# Significance of the EG versus RG difference, p<0.05

ignificantly growing in both of the Experimental Groups (to 47.2±4.19 and 54,0±1,47 in the EG-2 and EG-1, respectively); versus the falling mental health rate (to 19.20±3.07 and 15.0±1.75 in the EG-2 and EG-1, respectively) and social cooperation rate (to 23.40±2.25 and 16.0±0.92 in the EG-2 and EG-1, respectively); with the data variations more expressed in the EG-1 (with musculoskeletal system pathologies).

Furthermore, the EG-1 subjects were tested with the expressed drops in emotional status (from 12.25±1.49 to 7.0±0.1), psycho-emotional tension rate (from 18.0±1.47 to 9.0±0.05) and comfort rate (from 11.75±0.1 to 9.0±0.04); versus the EG-2 (with myopia) that showed some drop only in the tension rate (from 16.57±1.43 to 13.80±2.56). In addition, both of the study groups were tested with a fall in the social-mental adaptability rate by the end of the year albeit their emotional adaptability rate was tested to notably grow (from 7.75±1.7 to 14.0±0.41 in the EG-2; and from 6.14±0.14 to 10.8±0.17 in the EG-1) versus RG that showed virtually no changes: see Figure 2.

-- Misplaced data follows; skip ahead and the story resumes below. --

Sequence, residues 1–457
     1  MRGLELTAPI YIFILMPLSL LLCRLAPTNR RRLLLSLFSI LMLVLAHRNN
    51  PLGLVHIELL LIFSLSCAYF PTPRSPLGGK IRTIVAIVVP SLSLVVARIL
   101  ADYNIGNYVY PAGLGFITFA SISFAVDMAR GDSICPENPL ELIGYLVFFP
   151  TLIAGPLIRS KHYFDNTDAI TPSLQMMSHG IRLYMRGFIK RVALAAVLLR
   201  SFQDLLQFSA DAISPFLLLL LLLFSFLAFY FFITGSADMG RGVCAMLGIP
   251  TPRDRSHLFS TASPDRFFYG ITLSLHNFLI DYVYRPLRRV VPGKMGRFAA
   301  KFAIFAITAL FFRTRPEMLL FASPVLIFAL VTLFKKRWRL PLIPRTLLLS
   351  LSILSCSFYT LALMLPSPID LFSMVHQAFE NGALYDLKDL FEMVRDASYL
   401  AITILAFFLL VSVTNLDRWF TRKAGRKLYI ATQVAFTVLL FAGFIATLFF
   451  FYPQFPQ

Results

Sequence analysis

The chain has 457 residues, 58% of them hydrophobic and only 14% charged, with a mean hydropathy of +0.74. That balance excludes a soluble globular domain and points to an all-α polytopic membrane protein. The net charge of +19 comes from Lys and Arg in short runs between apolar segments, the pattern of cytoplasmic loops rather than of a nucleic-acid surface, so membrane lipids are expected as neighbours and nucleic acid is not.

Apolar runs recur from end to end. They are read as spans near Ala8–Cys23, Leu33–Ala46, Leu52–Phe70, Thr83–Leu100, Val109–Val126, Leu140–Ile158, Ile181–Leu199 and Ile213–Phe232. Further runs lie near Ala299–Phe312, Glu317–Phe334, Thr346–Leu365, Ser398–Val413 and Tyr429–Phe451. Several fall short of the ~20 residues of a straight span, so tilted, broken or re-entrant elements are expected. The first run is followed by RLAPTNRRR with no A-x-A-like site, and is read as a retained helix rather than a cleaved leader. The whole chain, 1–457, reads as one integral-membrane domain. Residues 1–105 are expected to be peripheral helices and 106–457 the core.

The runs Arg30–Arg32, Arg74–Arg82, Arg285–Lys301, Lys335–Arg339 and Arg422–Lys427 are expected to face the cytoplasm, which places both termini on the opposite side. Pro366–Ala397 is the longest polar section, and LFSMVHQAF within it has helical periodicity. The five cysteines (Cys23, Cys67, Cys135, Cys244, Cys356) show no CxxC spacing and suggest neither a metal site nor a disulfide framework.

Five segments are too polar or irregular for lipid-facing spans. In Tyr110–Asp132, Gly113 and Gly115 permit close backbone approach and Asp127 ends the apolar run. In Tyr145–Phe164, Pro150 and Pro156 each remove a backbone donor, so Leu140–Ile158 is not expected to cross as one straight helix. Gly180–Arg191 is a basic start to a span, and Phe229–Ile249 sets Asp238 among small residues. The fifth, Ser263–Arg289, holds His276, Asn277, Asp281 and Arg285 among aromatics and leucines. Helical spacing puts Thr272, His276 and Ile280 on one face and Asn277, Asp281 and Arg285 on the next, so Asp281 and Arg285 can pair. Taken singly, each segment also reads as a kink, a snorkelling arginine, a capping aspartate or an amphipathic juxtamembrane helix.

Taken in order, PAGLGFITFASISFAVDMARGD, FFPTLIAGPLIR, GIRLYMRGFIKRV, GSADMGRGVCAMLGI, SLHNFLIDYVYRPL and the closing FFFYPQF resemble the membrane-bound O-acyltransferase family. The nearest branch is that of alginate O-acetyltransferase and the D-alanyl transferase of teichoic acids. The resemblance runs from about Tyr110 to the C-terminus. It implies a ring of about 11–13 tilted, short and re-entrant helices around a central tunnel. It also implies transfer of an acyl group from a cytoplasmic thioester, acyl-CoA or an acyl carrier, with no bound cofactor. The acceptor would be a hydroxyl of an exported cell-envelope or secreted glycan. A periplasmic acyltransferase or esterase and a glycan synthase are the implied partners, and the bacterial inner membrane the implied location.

Figure 2. Functionality and adaptability rates

* Significance of the year-beginning versus year-end data difference, p<0.05;

# Significance of the EG versus RG difference, p<0.05